Welcome to the MDN beginner"s JavaScript course! In thisarticle we will look at JavaScript from a high level, answering questions such as "What is it?" and "What can you do with it?", and making sure you are comfortable with JavaScript"s purpose.

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Prerequisites: Objective:
Basic computer literacy, a basic understanding of HTML and CSS.
To gain familiarity with what JavaScript is, what it can do, and how it fits into a web site.

JavaScript is a scripting or programming language that allows you to implement complex features on web pages — every time a web page does more than just sit there and display static information for you to look at — displaying timely content updates, interactive maps, animated 2D/3D graphics, scrolling video jukeboxes, etc. — you can bet that JavaScript is probably involved. It is the third layer of the layer cake of standard web technologies, two of which (HTML and CSS) we have covered in much more detail in other parts of the Learning Area.

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The three layers build on top of one another nicely. Let"s take a simple text label as an example. We can mark it up using HTML to give it structure and purpose:


p>Player 1: Chrisp>

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Then we can add some CSS into the mix to get it looking nice:


p { font-family: "helvetica neue", helvetica, sans-serif; letter-spacing: 1px; text-transform: uppercase; text-align: center; border: 2px solid rgba(0,0,200,0.6); background: rgba(0,0,200,0.3); color: rgba(0,0,200,0.6); box-shadow: 1px 1px 2px rgba(0,0,200,0.4); border-radius: 10px; padding: 3px 10px; display: inline-block; cursor: pointer;}

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And finally, we can add some JavaScript to implement dynamic behavior:


const para = document.querySelector("p");para.addEventListener("click", updateName);function updateName() { let name = prompt("Enter a new name"); para.textContent = "Player 1: " + name;}

Try clicking on this last version of the text label to see what happens (note also that you can find this demo on GitHub — see the source code, or run it live)!

JavaScript can do a lot more than that — let"s explore what in more detail.


So what can it really do?


The core client-sideJavaScript language consists of some common programming features that allow you to do things like:

Store useful values inside variables. In the above example for instance, we ask for a new name to be entered then store that name in a variable called name. Operations on pieces of text (known as "strings" in programming). In the above example we take the string "Player 1: " and join it to the name variable to create the complete text label, e.g. ""Player 1: Chris". And much more!

What is even more exciting however is the functionality built on top of the client-side JavaScript language. So-called Application Programming Interfaces (APIs) provide you with extra superpowers to use in your JavaScript code.

APIs are ready-made sets of code building blocks that allow a stamboom-boden.com to implement programs that would otherwise be hard or impossible to implement. They do the same thing for programming that ready-made furniture kits do for home building — it is much easier to take ready-cut panels and screw them together to make a bookshelf than it is to work out the design yourself, go and find the correct wood, cut all the panels to the right size and shape, find the correct-sized screws, and then put them together to make a bookshelf.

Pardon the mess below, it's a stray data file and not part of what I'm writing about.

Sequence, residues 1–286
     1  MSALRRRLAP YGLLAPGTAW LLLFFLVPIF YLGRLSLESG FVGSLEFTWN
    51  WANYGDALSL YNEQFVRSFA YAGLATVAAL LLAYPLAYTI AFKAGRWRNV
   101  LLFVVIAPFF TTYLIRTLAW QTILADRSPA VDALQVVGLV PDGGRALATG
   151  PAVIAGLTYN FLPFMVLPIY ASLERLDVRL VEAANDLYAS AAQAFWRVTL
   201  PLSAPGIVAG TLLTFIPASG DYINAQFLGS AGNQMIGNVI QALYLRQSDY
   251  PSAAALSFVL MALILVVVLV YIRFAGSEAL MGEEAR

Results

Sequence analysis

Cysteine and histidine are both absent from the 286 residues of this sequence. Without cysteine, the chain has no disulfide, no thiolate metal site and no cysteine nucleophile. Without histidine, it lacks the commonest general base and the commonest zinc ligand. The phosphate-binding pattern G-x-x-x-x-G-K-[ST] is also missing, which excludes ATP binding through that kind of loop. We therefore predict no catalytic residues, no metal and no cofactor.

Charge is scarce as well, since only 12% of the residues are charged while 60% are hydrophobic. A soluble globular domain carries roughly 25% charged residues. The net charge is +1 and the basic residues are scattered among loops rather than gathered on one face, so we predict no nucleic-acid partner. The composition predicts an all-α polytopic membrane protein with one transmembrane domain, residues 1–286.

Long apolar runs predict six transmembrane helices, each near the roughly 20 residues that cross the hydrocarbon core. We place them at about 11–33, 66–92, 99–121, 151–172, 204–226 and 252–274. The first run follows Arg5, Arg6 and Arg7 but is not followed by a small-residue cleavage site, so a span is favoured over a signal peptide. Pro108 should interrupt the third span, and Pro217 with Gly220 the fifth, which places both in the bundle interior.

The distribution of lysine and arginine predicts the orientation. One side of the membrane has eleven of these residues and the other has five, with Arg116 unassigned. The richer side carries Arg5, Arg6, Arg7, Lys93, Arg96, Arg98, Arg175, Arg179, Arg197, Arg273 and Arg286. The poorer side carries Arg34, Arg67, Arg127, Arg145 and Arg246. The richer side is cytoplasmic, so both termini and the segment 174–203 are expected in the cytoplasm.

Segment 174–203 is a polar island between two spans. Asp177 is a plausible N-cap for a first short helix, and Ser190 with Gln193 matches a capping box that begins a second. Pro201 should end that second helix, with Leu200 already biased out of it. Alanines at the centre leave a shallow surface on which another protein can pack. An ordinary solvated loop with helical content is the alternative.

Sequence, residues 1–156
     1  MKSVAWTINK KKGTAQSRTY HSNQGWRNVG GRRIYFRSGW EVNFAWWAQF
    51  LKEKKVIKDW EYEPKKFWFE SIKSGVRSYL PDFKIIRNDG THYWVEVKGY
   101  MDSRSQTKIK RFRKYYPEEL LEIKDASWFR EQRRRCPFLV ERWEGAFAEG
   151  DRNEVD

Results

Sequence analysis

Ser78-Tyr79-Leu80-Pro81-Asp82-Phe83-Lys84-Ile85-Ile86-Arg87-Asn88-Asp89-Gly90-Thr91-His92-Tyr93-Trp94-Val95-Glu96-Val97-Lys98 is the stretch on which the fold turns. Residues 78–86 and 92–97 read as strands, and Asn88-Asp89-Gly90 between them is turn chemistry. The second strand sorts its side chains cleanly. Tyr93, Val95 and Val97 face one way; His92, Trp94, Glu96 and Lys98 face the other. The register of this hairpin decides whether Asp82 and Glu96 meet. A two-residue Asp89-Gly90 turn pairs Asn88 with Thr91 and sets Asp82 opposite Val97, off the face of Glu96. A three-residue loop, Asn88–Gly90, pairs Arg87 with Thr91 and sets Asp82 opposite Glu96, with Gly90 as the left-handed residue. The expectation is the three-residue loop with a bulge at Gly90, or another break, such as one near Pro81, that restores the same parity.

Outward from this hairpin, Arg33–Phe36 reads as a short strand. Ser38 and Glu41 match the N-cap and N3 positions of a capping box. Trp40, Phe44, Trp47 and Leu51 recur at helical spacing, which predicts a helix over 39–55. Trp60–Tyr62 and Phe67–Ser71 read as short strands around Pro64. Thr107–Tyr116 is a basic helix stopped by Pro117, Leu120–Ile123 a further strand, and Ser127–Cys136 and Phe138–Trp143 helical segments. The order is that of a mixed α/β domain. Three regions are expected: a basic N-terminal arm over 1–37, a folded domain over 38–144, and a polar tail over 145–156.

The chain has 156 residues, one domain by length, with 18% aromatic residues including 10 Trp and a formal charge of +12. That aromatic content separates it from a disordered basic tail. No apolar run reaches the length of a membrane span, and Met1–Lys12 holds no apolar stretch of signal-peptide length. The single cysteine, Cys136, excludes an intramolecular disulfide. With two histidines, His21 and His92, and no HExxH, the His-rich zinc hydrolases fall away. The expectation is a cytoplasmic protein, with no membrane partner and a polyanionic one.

They generally fall into two categories.

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Browser APIs are built into your web browser, and are able to expose data from the surrounding computer environment, or do useful complex things. For example:


Note: Many of the above demos won"t work in an older browser — when experimenting, it"s a good idea to use a modern browser like Firefox, Chrome, Edge or Opera to run your code in. You will need to consider cross browser testing in more detail when you get closer to delivering production code (i.e. real code that real customers will use).


Third party APIs are not built into the browser by default, and you generally have to grab their code and information from somewhere on the Web. For example:


Note: These APIs are advanced, and we"ll not be covering any of these in this module. You can find out much more about these in our Client-side web APIs module.


There"s a lot more available, too! However, don"t get over excited just yet. You won"t be able to build the next Facebook, Google Maps, or Instagram after studying JavaScript for 24 hours — there are a lot of basics to cover first. And that"s why you"re here — let"s move on!


What is JavaScript doing on your page?


Here we"ll actually start looking at some code, and while doing so, explore what actually happens when you run some JavaScript in your page.

Let"s briefly recap the story of what happens when you load a web page in a browser (first talked about in our How CSS works article). When you load a web page in your browser, you are running your code (the HTML, CSS, and JavaScript) inside an execution environment (the browser tab). This is like a factory that takes in raw materials (the code) and outputs a product (the web page).

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A very common use of JavaScript is to dynamically modify HTML and CSS to update a user interface, via the Document Object Model API (as mentioned above). Note that the code in your web documents is generally loaded and executed in the order it appears on the page. Errors may occur if JavaScript is loaded and run before the HTML and CSS that it is intended to modify. You will learn ways around this later in the article, in the Script loading strategies section.